Vitamin D doesn’t disappoint

Vitamin D seems to be living up to high expectations

Vitamin D seems to be living up to high expectations. A spate of 2013 studies has found that the vitamin may yield benefits in groups ranging from pregnant women to members of the military to kids in a dentist chair.

Six recent reports offer a sampling of the evidence:

  • An analysis of 24 clinical trials in children finds that kids getting vitamin D supplements had a 47 percent reduced risk of dental caries, researchers report in Nutrition Reviews.
  • A study of 242 healthy adults getting daily calcium supplements shows that those who also took modest vitamin D supplements of 800 IU per day saw their blood pressure decrease. Their top blood pressure number fell by 10 points on average after a year and their bottom BP number fell by four points. Writing in Nutritional Influences on Bone Health, the researchers also report that the vitamin D folks saw their heart rate decline from 74 to 70 beats per minute. The calcium-only group saw no improvement on average.
  • A 28-year study in which Danish scientists monitored the health of nearly 10,000 people finds that those who developed a tobacco-related cancer during that time had vitamin D levels at the study outset of 14.8 nanograms per milliliter of blood on average, compared with 16.4 ng/ml on average for everyone else. That report shows up in Clinical Chemistry.
  • BMJ reports in a review of 31 studies that pregnant women with vitamin D levels of less than 30 ng/ml had an increased risk of developing a complication such as preeclampsia or gestational diabetes.
  • Low vitamin D levels may hamper metabolism in blacks. A study in Nutrition Research finds that adult blacks averaged vitamin D of only 14.6 6 ng/ml compared with 25.6 ng/ml on average in whites. Blacks were also more likely to have insulin resistance, a condition in which cells fail to use the hormone insulin efficiently to process glucose. But when researchers compared groups with similar vitamin D levels, the differences in insulin resistance disappeared. That suggests that the higher burden of insulin resistance in blacks is at least in part the result of low vitamin D, they conclude.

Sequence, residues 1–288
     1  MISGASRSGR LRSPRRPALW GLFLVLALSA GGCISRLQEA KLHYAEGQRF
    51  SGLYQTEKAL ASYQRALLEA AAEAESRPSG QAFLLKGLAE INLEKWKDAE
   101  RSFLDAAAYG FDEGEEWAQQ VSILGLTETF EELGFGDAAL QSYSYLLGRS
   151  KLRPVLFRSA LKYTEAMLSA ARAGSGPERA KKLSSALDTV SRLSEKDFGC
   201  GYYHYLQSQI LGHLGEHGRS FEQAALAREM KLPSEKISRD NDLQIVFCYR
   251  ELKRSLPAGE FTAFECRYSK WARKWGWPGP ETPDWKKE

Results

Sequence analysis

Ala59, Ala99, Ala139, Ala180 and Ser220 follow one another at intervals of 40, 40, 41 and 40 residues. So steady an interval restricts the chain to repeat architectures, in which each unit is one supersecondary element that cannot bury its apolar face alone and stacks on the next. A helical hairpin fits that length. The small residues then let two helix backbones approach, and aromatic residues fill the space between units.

• Very low vitamin D might be linked to suicide risk. An analysis of military service members finds that people who committed suicide appear to have similar vitamin D levels on average compared with those who don’t. But a closer look finds that people with the very lowest levels, less than 15 ng/ml, were roughly twice as likely to commit suicide as people with vitamin D ranging from 17 to 41 ng/ml. That study appears in PLoS One.

If well-stocked bins in pharmacies are any indication, news of vitamin D’s benefits is reaching the mainstream. Public health leaders have responded unevenly to such data, however. In 2010, the Institute of Medicine, the health arm of the National Academy of Sciences, which is charged with advising the government and the public on health matters, declared that 20 ng/ml was the minimum blood concentration of vitamin D for bone safety. The IOM also bumped up the daily recommended intake, but only slightly to 600 to 800 IU for most adults (1/1/11, p.14; 7/16/11, p. 22).

The Endocrine Society, the oldest and largest group devoted to hormone research, cited ample research in upping the ante several months later and calling for vitamin D intake levels two to three times higher than IOM’s.

Not all vitamin D studies show a benefit. It’s also difficult to randomly assigned people to get specific amounts of a vitamin that can be obtained from sun exposure. Can the benefits of vitamin D be oversold? Possibly. But one thing is clear: So far, 2013 is shaping up to be a very good year for the sunshine vitamin.

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